Cover: Hospital Quality Indicators for Opioid-Exposed Infants

Hospital Quality Indicators for Opioid-Exposed Infants

Results From an Expert Consensus Panel

Published in: Pediatrics, Volume 154, Number 1, e2024065721 (July 2024). DOI: 10.1542/peds.2024-065721

Posted on rand.org Jun 12, 2024

by Jordan M. Harrison, Bradley D. Stein, Sarah F. Loch, Scott A. Lorch, Stephen W. Patrick

Objective

To elicit expert consensus on quality indicators for the hospital-based care of opioid-exposed infants.

Methods

We used the ExpertLens online platform to conduct a 3-round modified Delphi panel. Expert panelists included health care providers, parents in recovery, quality experts, and public health experts. We identified 49 candidate quality indicators from a literature review and environmental scan. A total of 32 experts rated the importance and feasibility of the indicators using a 9-point Likert scale (Round 1), reviewed and discussed the initial ratings (round 2), and revised their original ratings (Round 3). Numeric scores corresponded with descriptive ratings of "low" (1-3), "uncertain" (4-6), or "high" (7-9). We measured consensus using the RAND/UCLA Appropriateness Method.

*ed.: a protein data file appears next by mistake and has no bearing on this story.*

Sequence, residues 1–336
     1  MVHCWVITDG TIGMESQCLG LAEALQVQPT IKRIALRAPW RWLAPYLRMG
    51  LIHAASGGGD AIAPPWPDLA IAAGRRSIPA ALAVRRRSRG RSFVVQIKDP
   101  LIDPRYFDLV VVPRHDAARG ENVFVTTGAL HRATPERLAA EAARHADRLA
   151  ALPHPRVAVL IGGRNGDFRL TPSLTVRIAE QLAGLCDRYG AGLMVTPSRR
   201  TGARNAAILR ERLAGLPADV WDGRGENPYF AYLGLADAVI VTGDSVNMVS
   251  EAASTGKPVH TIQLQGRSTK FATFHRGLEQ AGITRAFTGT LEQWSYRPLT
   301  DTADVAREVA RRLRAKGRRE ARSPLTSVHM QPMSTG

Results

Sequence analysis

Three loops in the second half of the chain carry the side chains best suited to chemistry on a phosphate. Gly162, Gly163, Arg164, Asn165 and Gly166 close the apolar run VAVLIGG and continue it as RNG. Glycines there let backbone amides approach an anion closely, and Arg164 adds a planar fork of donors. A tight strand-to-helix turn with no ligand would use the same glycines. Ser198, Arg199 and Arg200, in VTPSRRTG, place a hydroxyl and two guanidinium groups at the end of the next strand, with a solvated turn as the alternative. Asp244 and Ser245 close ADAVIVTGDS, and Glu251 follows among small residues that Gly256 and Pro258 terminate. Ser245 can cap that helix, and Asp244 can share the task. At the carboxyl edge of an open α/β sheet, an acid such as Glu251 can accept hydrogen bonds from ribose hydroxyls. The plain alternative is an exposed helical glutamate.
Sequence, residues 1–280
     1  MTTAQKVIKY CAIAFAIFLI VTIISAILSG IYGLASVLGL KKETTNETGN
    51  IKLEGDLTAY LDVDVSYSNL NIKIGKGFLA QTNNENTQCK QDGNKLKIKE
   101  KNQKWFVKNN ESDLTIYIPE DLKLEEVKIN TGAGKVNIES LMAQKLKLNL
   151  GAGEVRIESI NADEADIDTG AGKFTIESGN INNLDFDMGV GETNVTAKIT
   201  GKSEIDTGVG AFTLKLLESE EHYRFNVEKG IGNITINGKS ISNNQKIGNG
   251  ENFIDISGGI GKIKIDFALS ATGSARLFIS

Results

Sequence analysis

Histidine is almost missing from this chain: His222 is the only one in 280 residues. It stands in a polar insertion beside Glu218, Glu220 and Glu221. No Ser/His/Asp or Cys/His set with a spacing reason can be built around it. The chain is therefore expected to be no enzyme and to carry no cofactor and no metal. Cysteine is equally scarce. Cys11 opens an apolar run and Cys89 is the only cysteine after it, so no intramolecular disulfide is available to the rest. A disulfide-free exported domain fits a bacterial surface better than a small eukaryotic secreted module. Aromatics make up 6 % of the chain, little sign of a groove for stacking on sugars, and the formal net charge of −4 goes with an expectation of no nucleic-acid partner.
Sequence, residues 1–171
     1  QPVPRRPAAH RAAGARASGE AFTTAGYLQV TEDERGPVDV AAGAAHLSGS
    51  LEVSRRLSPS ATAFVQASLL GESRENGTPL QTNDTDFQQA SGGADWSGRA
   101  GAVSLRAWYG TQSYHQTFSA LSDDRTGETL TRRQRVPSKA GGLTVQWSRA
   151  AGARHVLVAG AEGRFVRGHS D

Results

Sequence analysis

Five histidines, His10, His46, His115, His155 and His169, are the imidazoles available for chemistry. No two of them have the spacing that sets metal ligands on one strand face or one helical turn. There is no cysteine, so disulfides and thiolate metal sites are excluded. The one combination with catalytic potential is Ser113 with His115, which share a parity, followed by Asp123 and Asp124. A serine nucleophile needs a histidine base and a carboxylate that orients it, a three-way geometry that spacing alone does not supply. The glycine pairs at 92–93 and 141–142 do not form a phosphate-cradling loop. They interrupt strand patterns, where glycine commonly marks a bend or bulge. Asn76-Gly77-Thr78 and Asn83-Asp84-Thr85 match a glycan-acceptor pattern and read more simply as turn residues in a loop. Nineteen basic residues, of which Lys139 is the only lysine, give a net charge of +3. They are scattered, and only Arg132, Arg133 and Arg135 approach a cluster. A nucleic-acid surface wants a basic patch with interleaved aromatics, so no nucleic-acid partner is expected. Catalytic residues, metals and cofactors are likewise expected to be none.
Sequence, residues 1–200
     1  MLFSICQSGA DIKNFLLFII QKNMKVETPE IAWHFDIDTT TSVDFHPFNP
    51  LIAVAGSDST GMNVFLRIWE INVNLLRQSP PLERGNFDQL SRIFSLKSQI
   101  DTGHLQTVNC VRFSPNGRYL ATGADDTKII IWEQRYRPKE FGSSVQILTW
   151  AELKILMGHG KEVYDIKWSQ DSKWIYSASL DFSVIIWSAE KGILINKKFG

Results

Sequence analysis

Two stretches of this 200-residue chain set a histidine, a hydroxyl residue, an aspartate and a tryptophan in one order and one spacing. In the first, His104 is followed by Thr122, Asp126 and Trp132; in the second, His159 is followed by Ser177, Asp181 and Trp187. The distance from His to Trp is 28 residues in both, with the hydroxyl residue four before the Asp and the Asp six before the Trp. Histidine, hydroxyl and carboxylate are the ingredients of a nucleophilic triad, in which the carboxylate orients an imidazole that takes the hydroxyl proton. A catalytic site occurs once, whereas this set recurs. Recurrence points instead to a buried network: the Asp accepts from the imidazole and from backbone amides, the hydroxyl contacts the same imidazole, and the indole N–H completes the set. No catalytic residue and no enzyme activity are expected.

Results

Candidate quality indicators assessed structures, processes, and outcomes in multiple domains of clinical care. After the final round, 36 indicators were rated "high" on importance and feasibility. Experts had strong consensus on the importance of quality indicators to assess universal screening of pregnant people for substance use disorder, hospital staff training, standardized assessment for neonatal opioid withdrawal syndrome, nonpharmacologic interventions, and transitions of care. For indicators focused on processes and outcomes, experts saw feasibility as dependent on the information routinely documented in electronic medical records or billing records. To present a more complete picture of hospital quality, experts suggested development of composite measures that summarize quality across multiple indicators.

Conclusions

A panel of experts reached consensus on a range of quality indicators for hospital-based care of opioid-exposed infants, with potential for use in national benchmarking, intervention studies, or hospital performance measurement.

Research conducted by

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